It’s been two years since my first visit to Thailand and I’ve been missing the country and my Thai friends like crazy. So when my mom asked me where our family should spend our 2014 holy week holiday, Bangkok was the first thing on my mind.
I had to be the tour guide for my family while we were in Bangkok since I was already familiar with the city and the must-see places for tourists (i.e. Wat Pho, the Grand Palace). But since we had some free days in our itinerary, we decided to take some day tours to see the beauty of Thailand outside the busy streets of Bangkok.
A day in ancient city
The ancient kingdom of Ayutthaya was on top of the list of places we wanted to see. Located around 80 kilometers north of Bangkok, this city used to be the second capital of Siam. In the ancient times, Ayutthaya was one of the trading capitals of Asia due to its strategic location between the Malaysian islands and China.
We paid around 700 baht (around $22) per person for a day trip. This is actually cheap considering it included our transportation, site tickets, lunch, and a tour guide. We left Khao San road – where we were staying – at around 7am and we were already in our first stop by 9am.
These were the places we visited during our tour. I highly recommend them to anyone visiting Ayutthaya without guided tours.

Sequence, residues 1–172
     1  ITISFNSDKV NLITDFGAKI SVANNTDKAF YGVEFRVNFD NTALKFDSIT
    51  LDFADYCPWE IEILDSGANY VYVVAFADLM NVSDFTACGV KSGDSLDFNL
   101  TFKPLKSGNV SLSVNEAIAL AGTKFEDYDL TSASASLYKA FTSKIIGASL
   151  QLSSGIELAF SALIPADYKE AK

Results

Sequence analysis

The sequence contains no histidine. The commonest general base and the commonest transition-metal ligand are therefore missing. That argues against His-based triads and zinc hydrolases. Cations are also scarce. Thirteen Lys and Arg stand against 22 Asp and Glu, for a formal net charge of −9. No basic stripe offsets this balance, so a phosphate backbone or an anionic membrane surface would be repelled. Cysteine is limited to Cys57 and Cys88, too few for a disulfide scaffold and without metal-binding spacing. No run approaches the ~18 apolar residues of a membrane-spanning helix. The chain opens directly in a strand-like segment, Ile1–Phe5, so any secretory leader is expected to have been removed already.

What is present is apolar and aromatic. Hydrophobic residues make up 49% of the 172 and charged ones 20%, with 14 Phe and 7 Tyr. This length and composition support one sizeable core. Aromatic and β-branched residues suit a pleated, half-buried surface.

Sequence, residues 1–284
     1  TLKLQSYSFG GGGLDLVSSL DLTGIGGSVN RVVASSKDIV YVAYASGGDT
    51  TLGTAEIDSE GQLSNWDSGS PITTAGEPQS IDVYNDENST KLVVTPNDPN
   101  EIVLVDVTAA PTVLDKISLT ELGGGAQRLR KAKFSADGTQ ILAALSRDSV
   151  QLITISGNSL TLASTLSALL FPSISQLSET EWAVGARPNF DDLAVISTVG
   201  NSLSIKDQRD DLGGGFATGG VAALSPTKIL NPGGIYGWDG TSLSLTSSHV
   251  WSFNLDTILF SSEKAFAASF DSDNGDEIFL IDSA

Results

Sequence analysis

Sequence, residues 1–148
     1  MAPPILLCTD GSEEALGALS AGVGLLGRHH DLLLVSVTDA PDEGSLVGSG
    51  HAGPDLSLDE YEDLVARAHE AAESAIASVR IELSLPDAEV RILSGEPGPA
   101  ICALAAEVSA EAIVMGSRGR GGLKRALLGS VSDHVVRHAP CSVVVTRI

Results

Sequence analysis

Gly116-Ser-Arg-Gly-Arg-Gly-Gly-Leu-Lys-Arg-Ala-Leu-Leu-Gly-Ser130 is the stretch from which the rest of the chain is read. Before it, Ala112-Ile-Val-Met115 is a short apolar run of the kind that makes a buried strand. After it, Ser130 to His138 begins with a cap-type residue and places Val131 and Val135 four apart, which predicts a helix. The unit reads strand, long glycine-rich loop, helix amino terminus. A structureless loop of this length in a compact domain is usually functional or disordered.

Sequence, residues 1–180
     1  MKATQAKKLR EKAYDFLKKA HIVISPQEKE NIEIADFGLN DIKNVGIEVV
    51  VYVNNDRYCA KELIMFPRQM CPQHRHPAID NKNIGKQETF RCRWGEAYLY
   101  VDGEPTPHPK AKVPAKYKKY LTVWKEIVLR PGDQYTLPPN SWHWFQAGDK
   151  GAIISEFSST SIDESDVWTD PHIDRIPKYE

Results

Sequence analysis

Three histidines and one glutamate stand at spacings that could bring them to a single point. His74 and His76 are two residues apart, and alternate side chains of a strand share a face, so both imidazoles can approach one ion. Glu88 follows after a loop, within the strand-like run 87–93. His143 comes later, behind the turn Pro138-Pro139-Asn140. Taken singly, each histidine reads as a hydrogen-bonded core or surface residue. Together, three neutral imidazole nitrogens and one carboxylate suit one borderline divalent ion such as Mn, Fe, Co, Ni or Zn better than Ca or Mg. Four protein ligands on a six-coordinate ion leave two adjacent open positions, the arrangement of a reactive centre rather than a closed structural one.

Wat Yai Chai Mongkol
Our first stop was Wat Yai Chai Mongkol. It’s a temple that was ordered to be built by Kung U-thong for his 2 sons who died of cholera. The two big Buddha statues beside the big chedi represent the king’s sons, Chao Kaeo and Chao Thai.
Like many of the temples in Ayutthaya, this site had survived many battles between the Siamese and the Burmese. The main chedi – which is over 60 meters high – is itself is an amazing proof of that. The base was initially built by the Burmese but the stupa on top was added by King Naruesan to celebrate the “auspicious victory” or “chai mongkol” of the Siamese.
If you climb up the steps of the main chedi, you’ll see a Buddhist shrine on top. This place is still being used today and you’ll see many locals offering flowers and incense to the Buddha images. Around the temple’s premises are many Buddhist statues. Sadly, most of these were only restored due to the many wars Wat Yai had endured. The only original statues that survived were actually the two big Buddha images beside the Chedi.
Wat Phra Mahathat
This is another temple that shows the harsh battles between the Siamese and the Burmese during the ancient times. According to our tour guide, this place was burnt for 7 days when the Burmese conquered Ayutthaya. You can still see the black stains that the fire left on the walls. One look at the surviving pillars and infrastructure, however, and you can imagine the grandeur this place had. The rows of headless Buddha statues were also iconic.
Speaking of heads, this temple is actually famous because of it. You cannot go to Wat Phra Mahathat without taking a picture of the tree that has grown with Buddha head in its trunk. Be cautious when approaching it though. Buddhists believe that this is a sacred relic. So when taking a photo with the tree and Buddha’s head, make sure to kneel down. Your head should always be lower than that of the Buddha’s.
The reclining Buddha tells the legend of Buddha and the giant Asurindarahu. The latter wanted to be a follower of the former but when he saw how little Buddha was, he didn’t believe in him. With Buddha knowing the thoughts of the giant, he grew larger than the giant while laying down. Now seeing how Buddha was much bigger than him, Asurindarahu started believing in Buddha.